Looking back at the past 12 months, one thing is clear: this year has been very different than any previous year. But looking back also shows, Jewish students have shown the resilience and vibrancy of Jewish life in Europe even in the most difficult of times. This makes me extremely proud.
In an ever-changing world where very little is certain, we, as young Jews, have no other choice than being outspoken. In the last year, we have protested against antisemites and for the interests of young Jews, in Europe’s capital, in the Austrian countryside, and online. When young Jews are in danger, like the brave pro-democracy activists in Belarus, or when Israel is being unfairly targeted, we speak out. According to our core belief that Jewish Rights are Human Rights and Human Rights are Jewish Rights, we stood up forcefully against racism and potential genocide, showing solidarity with our allies in the Black, Uyghur, Roma, Kurdish and Yazidi communities. We ensured that the UN Human Rights Council and key decision-makers in the European Institutions would not ignore the interests of young Jews.
Very often, when we talk about Jews and Jewish Life – especially in Europe – we only talk about our challenges. We speak about the horrors of the past and about the everlasting hate our people are facing on a daily basis. These are very important topics, but they must never define who we really are. That is why we, as young people, need to shape the debate within and beyond our community. This is why EUJS has been the central organization fostering a positive foundation to European Jewish Identity for over 40 years. In December, we released a guide, endorsed by Vera Jourova, Vice-President of the European Commission, on which steps European Universities can take to best support their Jewish Students. Of course, it includes fighting antisemitism forcefully – but it goes beyond that. We need to make sure that when we talk about Judaism in our Schools and Universities, it is not just done in classes on history and on religion, but also in art, literature, politics, or physics! We need to make sure that positive Jewish narratives become normalized in Europe!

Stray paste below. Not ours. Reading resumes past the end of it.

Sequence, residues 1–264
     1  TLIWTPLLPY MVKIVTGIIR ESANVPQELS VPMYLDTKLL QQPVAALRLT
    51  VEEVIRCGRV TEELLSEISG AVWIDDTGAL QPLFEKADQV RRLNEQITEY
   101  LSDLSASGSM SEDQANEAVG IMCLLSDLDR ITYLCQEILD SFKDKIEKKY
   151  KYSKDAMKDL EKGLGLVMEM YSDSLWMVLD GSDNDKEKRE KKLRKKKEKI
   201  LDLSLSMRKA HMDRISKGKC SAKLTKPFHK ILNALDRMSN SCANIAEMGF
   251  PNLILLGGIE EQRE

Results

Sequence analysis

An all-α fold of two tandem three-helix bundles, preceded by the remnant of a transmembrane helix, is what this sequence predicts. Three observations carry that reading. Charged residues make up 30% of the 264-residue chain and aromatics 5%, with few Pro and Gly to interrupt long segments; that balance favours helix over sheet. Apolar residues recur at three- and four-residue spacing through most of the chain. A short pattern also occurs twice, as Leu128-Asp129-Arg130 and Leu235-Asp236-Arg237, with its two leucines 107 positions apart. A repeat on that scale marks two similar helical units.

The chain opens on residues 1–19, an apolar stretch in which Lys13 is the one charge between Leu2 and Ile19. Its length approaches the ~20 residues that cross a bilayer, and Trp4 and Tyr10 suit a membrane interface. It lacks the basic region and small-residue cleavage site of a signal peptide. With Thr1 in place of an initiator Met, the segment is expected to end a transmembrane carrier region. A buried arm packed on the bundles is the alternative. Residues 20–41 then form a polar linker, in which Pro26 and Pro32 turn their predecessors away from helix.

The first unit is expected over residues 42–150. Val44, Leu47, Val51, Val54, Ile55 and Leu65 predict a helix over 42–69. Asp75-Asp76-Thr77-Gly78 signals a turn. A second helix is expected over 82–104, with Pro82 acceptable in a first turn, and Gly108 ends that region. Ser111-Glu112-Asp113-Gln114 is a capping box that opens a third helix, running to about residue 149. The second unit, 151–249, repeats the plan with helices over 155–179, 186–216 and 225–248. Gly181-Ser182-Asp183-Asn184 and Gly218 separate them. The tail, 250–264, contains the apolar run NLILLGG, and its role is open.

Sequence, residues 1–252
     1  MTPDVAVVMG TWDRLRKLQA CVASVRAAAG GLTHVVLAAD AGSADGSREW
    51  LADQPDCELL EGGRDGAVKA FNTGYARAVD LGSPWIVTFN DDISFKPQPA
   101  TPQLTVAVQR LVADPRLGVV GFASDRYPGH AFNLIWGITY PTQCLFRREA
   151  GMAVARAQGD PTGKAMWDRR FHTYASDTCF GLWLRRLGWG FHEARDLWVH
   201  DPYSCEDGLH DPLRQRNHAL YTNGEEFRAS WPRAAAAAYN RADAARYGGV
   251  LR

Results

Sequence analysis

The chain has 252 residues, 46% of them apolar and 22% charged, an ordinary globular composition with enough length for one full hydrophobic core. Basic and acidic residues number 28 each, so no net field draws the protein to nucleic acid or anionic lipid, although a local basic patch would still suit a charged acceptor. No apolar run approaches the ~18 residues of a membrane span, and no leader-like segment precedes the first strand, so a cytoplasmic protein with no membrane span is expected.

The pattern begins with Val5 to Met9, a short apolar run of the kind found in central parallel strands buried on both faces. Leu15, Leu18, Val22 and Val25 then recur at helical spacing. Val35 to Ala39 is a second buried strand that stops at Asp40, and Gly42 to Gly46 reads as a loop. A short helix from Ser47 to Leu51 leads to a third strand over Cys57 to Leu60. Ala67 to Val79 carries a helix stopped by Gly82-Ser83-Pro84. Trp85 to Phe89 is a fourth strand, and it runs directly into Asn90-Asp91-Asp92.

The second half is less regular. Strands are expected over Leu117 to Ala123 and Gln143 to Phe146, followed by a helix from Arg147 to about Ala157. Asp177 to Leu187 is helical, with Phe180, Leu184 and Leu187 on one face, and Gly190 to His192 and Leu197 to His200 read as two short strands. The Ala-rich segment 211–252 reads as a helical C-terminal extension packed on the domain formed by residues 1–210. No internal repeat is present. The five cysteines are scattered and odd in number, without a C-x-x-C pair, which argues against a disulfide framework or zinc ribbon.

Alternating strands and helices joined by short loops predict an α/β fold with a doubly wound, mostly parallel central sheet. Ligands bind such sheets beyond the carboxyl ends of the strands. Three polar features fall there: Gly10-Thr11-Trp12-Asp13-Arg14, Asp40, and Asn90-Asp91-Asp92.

The most important part of our work will always remain working with our Unions. That’s why we established a new position of Union outreach officer for the first time in our history. Seeing the incredible work young Jews all over Europe are doing every day, and being able to support them is so inspiring.
Of course, this last year has also been very challenging. Because of the Corona-Pandemic, 2020 is the first year in 37 years that Summer U, the largest gathering of young European Jews, is not taking place, denying hundreds the opportunity to celebrate their Jewish Identity in such a positive, collective setting. But this pandemic has also, once again, demonstrated the power of Jewish Student activism. After we launched the EUJS Community Challenge, it was young Jews who led their community’s response to the pandemic, delivering food, taking care of those most affected, and coming up with inspired (and inspiring) ways to continue fostering Jewish life.
Also, we at EUJS had to adapt. We started running online programming in early March, reaching 150.000 people in the process and regularly engaging key decision-makers to continue our advocacy while also trying to provide a sense of community. We tried new online seminars and united Jewish leaders via Zoom.
The next year will be full of challenges. But whether it is fostering a positive Jewish Identity, fighting the Far-right, combating BDS, ensuring that there´s kosher food on your campus, avoiding exams on Jewish holidays, finding a Jewish response to today’s big questions, such as climate change – but also, ensuring that Jewish Students have fun – EUJS, thanks to our friends and supporters will be at the forefront and will always be there for the 160.000 young Jews across Europe that we represent.